There is plenty of data out there about how important making the correct hiring decision is for growing your business. When it comes to hiring a marketing team member, this is amplified because you expect this person to have a direct impact on business revenue and growth. But the question on many hiring managers’ minds is, “Should I hire a generalist or specialist?”

The reality is that the demand to hire a marketing team member is usually driven by either identifying a gap (lost opportunity, need for data, resource deficiency) or the expanding of your business (new product, new vertical, new strategy). As a result, many marketing and business leaders see this new role as a way to meet an immediate need.

This seems to point to the easy answer of hiring a specialist to close the specific gap or meet the current need. We see roles in areas like Marketing Operations and Digital Marketing rising to the top because companies are relying more on technology, analytics and digital sales/customer acquisition to grow their businesses today.

As I read on a LinkedIn post recently, “Marketers need to be able to execute in the area that means the most to the business.”

With this in mind, it makes sense that you should then hire a specialist to execute in the area that you need.

But let’s not give up on our generalists just yet.

Businesses Can Change Quickly

As we saw with COVID-19, the area that means the most to a business can change overnight. Your rock star specialist quickly becomes expendable at no fault of their own.

What we saw happen during this time was that companies, that were forced to layoff or furlough employees, kept their generalists because they could cover more marketing needs.

The misconception with generalists is that they are less experienced than a specialist in a given area. However, realistically, generalists have gained their titles through ownership and skill in multiple areas. They have not only been part of the execution, but their generalist roles have fostered an understanding of how to connect marketing areas for the greatest results.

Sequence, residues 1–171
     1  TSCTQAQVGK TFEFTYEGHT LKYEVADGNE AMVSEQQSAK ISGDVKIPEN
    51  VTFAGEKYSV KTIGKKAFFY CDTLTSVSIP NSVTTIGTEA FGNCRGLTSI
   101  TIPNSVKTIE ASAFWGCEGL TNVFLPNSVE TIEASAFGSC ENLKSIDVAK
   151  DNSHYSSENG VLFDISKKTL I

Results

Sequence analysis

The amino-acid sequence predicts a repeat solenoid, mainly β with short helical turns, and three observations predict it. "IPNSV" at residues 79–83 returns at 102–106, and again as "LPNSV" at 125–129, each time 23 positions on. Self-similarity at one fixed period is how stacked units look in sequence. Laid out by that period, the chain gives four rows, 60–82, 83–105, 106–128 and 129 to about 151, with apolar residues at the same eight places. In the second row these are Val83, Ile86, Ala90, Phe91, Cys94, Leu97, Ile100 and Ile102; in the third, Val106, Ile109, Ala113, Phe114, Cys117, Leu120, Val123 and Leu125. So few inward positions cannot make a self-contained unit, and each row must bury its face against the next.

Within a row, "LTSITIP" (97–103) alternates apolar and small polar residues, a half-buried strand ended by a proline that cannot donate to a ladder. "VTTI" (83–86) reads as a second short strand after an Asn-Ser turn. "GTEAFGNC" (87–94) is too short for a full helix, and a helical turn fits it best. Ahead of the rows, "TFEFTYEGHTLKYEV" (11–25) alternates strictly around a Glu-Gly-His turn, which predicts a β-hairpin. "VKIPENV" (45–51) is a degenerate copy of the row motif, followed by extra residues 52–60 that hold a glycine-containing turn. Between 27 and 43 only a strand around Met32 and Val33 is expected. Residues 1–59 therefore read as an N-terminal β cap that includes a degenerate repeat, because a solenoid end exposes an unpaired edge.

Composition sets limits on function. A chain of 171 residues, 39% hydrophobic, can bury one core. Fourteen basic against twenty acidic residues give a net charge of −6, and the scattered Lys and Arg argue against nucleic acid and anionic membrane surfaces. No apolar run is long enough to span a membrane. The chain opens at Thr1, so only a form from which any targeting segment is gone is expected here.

Not only are these generalists able to pivot when priorities shift, they are also well positioned to become your future leaders, making the leap from tactical executioners to visionary strategists. This is not to say that your specialist cannot be strategic. What is important in a strategic leader is that they both know how to align execution with objectives to drive results and they can move the marketing levers and knobs of these tactics to shift and optimize outcomes when necessary. It may be easier for a generalist to make this transition because of the variety of their experiences.

Hire Based on Strategy

This leads us to the somewhat frustrating conclusion: your strategy should drive whether you should hire a specialist or a generalist. There are corporate strategies that demand specialists to scale specific segments of their strategy. For example, many companies hire event specialists to run in-person and virtual events. As the number of events that you host or participate in grows, so might the need to hire a specialist.

However, companies hiring on tactical need alone are simply casting a wide net and hoping to catch some business in it. In other words, the breadth of their marketing tactics is a reflection of an inability to know what is really working. Unfortunately, hiring a specialist or generalist in these situations will keep a person busy, but not position them to help your company or grow as professionals.

As a marketing director, I made this mistake by hiring a person to fill a specific need, but then asking them to be proficient in other areas. The result was frustration on both parts and a lack of results for our company.

To determine the direction that your company should take, start by answering these questions:

  1. What will success look like in this role?
  2. How will this role contribute to our strategy today?
  3. If we change strategies, will there still be a place for this role?
  4. What do I want for this role in 12 months, 18 months, 24 months…?

While you are hiring today to fill an immediate need, you are also helping shape the future for this team member and your company.

Matt Shachter, Fractional CMO

Written By

Matt Shachter

Matt Shachter is Founder and Fractional CMO for StrategiCMO – a fractional CMO service and consulting firm empowering scaling businesses to acquire new customers and drive predictable revenue faster by developing, executing, and optimizing a growth-focused marketing strategy. Matt was formerly the Director of Marketing for the Columbus SaaS analytics startup, T-Pro Solutions, that exited in early 2019.